As you can see here the 4-3 defense was probably invented by Tom Landry who eventually called his version the flex defense. The 4-3 defense uses two defensive ends and two defensive tackles as opposed to linemen used in the 3-4 defense as you can read about here.


The defensive ends line up across from the offensive tackles, and the defensive tackles across from the offensive guards. The ends will usually line up to the outside shoulder of the offensive tackles. Their job is to get to the quarterback on passing plays and to contain the outside on running plays while trying to make a tackle. The defensive tackles in the 4-3 defense try to occupy blockers to keep them off the linebackers, while also trying to pressure the middle of the offense.


The three linebackers are the middle linebacker, strong side outside linebacker and the weak side outside linebacker. The strong side linebacker lines up on the side of the field where the tight end is playing for the offense, if there is one in the formation. The strong side linebacker will usually cover the tight end or a running back on passing plays but sometimes blitzes. The middle linebacker mostly plays run defense first but will also play zone pass defense. The weak side linebackers blitz more than the other linebackers in the 4-3 defense and also cover backs out of the backfield on pass plays.


The defensive backs in the 4-3 defense are two cornerbacks and two safeties. They line up in different places depending on their coverage assignments. The safeties tend to do safety blitzes less than in a 3-4 defense due to less people being back in pass coverage.


Some famous versions of the 4-3 defense or well known teams that used a variation are as follows. The Pittsburgh Steelers “Steel Curtain” defense was a 4-3 with such notables as “Mean” Joe Greene, Ernie Holmes, Jack Lambert and Jack Ham playing their roles. Dallas’s “Doomsday” Defense under Tom Landry was the 4-3 “Flex” as mentioned above. The “Cover 2” defense or “Tampa 2” is a 4-3 defense. Buddy Ryan’s “46 defense” was a variation of the 4-3.


Sources


Football.calsi.com looks at the 4-3 defense


Letstalkdefens.com article on the 4-3


Labels: An In-Depth Look at the 4-3 Defense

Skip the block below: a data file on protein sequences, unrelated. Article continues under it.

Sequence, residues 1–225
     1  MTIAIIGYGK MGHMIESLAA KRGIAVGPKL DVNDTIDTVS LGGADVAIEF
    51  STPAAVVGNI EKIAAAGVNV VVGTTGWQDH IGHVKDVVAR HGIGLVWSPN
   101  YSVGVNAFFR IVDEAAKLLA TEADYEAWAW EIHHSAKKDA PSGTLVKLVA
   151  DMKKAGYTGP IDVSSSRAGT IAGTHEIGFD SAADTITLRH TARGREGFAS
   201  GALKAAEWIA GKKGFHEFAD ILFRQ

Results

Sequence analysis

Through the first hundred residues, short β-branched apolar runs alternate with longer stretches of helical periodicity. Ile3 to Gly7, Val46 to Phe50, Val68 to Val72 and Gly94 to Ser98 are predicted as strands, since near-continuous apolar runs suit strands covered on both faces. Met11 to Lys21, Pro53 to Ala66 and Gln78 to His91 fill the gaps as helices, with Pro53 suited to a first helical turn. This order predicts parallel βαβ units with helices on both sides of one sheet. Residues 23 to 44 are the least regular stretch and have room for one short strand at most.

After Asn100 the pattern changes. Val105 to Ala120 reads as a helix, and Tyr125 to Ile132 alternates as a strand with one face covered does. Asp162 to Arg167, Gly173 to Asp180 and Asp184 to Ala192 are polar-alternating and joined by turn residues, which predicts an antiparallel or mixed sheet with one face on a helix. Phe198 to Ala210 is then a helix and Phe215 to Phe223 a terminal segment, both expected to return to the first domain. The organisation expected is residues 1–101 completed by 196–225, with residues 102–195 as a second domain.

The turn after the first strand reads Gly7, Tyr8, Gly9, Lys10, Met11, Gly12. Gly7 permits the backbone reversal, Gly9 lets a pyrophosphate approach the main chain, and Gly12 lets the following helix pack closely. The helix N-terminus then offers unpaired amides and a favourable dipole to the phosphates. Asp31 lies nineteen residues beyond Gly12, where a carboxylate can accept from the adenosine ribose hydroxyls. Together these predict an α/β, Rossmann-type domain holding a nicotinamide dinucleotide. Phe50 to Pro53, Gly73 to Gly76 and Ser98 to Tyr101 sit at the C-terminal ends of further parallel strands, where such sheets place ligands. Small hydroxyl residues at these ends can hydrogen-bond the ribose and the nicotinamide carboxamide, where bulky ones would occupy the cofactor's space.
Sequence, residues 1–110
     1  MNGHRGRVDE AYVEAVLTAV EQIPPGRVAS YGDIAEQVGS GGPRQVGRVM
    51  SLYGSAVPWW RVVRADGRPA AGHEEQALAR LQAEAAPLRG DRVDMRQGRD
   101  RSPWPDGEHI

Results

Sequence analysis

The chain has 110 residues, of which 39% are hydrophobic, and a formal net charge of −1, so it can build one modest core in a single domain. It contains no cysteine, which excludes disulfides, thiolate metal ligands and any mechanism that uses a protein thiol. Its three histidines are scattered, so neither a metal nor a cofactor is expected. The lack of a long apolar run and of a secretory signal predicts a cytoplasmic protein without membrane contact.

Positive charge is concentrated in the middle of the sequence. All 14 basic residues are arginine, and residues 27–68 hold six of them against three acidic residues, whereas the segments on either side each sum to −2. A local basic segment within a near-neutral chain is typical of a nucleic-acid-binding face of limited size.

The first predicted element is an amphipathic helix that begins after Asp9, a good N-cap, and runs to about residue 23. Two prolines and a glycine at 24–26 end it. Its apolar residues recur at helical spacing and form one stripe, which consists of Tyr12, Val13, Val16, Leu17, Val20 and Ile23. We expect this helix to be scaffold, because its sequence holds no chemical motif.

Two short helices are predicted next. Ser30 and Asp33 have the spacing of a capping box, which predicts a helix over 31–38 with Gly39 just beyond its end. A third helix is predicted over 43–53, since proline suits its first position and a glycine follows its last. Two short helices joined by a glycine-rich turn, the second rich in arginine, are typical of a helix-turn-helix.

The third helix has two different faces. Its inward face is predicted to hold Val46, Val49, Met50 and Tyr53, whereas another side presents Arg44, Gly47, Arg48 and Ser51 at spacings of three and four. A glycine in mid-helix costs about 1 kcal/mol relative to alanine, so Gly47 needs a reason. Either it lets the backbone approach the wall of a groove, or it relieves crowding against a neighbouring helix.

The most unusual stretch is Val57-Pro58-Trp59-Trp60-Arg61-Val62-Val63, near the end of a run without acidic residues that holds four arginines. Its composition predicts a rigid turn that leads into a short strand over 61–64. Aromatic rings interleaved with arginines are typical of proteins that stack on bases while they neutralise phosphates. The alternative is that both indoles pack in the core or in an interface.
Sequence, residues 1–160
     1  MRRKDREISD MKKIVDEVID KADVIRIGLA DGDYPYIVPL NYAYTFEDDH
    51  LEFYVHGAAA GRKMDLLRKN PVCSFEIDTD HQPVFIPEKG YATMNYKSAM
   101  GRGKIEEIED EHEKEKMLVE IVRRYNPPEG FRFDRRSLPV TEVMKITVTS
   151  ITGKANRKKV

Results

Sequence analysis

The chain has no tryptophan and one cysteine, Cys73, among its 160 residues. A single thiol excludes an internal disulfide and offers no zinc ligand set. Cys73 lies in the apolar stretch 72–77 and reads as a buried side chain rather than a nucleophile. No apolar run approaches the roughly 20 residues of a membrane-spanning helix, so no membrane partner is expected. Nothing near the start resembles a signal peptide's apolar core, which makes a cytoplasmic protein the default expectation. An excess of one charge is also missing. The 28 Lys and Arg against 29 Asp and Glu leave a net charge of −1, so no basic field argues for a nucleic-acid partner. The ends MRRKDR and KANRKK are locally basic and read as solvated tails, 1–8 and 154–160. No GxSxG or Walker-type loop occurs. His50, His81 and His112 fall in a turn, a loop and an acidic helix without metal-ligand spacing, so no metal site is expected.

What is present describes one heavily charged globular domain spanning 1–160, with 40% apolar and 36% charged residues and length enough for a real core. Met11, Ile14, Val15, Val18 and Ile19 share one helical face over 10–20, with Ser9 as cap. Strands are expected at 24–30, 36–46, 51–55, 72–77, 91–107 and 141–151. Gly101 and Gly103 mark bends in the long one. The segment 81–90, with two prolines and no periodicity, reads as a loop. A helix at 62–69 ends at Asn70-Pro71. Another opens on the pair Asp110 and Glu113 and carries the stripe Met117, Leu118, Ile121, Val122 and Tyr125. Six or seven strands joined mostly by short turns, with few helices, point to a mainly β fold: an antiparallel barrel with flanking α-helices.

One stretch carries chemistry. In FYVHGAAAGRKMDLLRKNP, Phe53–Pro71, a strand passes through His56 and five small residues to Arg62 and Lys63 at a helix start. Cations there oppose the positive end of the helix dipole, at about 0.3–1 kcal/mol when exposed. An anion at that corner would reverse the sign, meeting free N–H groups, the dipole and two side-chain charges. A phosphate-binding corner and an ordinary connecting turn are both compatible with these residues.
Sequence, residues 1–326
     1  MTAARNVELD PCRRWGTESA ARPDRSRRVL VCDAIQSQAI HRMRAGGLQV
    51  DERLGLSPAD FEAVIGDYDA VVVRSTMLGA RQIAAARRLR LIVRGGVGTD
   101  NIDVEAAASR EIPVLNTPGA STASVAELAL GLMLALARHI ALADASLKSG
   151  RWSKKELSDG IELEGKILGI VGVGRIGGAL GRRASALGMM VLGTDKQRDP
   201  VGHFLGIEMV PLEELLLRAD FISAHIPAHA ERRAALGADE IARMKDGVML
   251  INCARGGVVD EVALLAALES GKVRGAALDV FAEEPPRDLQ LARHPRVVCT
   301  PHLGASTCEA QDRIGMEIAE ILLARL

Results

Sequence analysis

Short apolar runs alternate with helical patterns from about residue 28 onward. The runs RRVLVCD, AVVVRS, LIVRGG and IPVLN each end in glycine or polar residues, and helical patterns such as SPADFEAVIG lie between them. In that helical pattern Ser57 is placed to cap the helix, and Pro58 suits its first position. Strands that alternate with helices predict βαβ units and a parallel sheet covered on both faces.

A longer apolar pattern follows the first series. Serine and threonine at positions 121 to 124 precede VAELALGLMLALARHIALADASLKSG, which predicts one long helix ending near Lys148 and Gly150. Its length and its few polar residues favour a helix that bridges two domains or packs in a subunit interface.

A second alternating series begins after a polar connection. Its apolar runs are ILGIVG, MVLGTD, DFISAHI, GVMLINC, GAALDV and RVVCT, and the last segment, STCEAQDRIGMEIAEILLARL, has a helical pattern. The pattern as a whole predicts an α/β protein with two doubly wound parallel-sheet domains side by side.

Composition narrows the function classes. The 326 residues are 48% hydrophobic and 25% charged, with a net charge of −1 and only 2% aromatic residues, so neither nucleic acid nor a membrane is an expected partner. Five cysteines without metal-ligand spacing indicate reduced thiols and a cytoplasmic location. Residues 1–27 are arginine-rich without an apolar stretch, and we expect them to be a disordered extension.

Accelerating Environmental Education Towards Sustainable Development

The Philippines is in full-gear as it climbs a step up the ladder of education for the environment towards sustainable development. Through the initiative of the government, and the headstrong coordination of the academe, the media, the non-government organizations, environmentalists, private organizations, and the civil society, the Filipinos would be taking up the challenges, with a vision to keep pushing a national movement towards the betterment of the Philippine environment, through education.

Education is and has always been a crucial component towards environmental conservation, protection, and management. However, all men have all been made aware of the constraints and problems at hand concerning the natural resources – problems brought about by factors varying from technology to population, from lack of discipline and values, to mal-education. There is an urgent need to sustain the precious resources worldwide so that lives would be sustained, and so, emerged a universal program of action, the Agenda 21.


Agenda 21 is a universal campaign to bring the Earth into a sustainable future, and the Philippines, being among the countries participating in it, has created its local version, the Philippine Agenda 21. It is a vision for a better quality of life for all, with five goal elements to keep in mind: Ecological Integrity, Poverty Reduction, Social Equity, Empowerment and Good Governance, and Peace and Solidarity.


Last July 4, 2006, the Environmental Management Bureau of the Department of Environment and Natural Resources (DENR) hosted a forum on Accelerating Environmental Education Towards Sustainable Development, attended by no less than Ambassador Madam Preciosa Soliven of the United Nations Educational, Scientific, and Cultural Organization (UNESCO), and by DENR officials, noted environmentalists and academes, the media, the church, and the business sector.


The Forum, which has become a venue for educators and environmentalists, focused on one goal element: Ecological Integrity. This is to highlight the urgent need to push for resource conservation, and endlessly lobby for programs on environmental restoration and enhancement.


Let us all be key players who would make sustainable development in the Philippines possible, even through small contributions through environmental education. Let us play the eternal role in making more and more people aware of, and convincing them to take responsibility in, the management of the Philippine environment. Together, let us work towards a vision of an environmentally-literate and proactive citizenry, who would care for and protect the environment.


No government project would succeed without the support of the people. Education is key towards progress. Let us all take the challenge and work together to accelerate environmental education towards sustainable development.


Labels: Accelerating Environmental Education Towards Sustainable Development

Adaptation Postulation

1. Glitz by Elmore Leonard-for the Get Shorty fan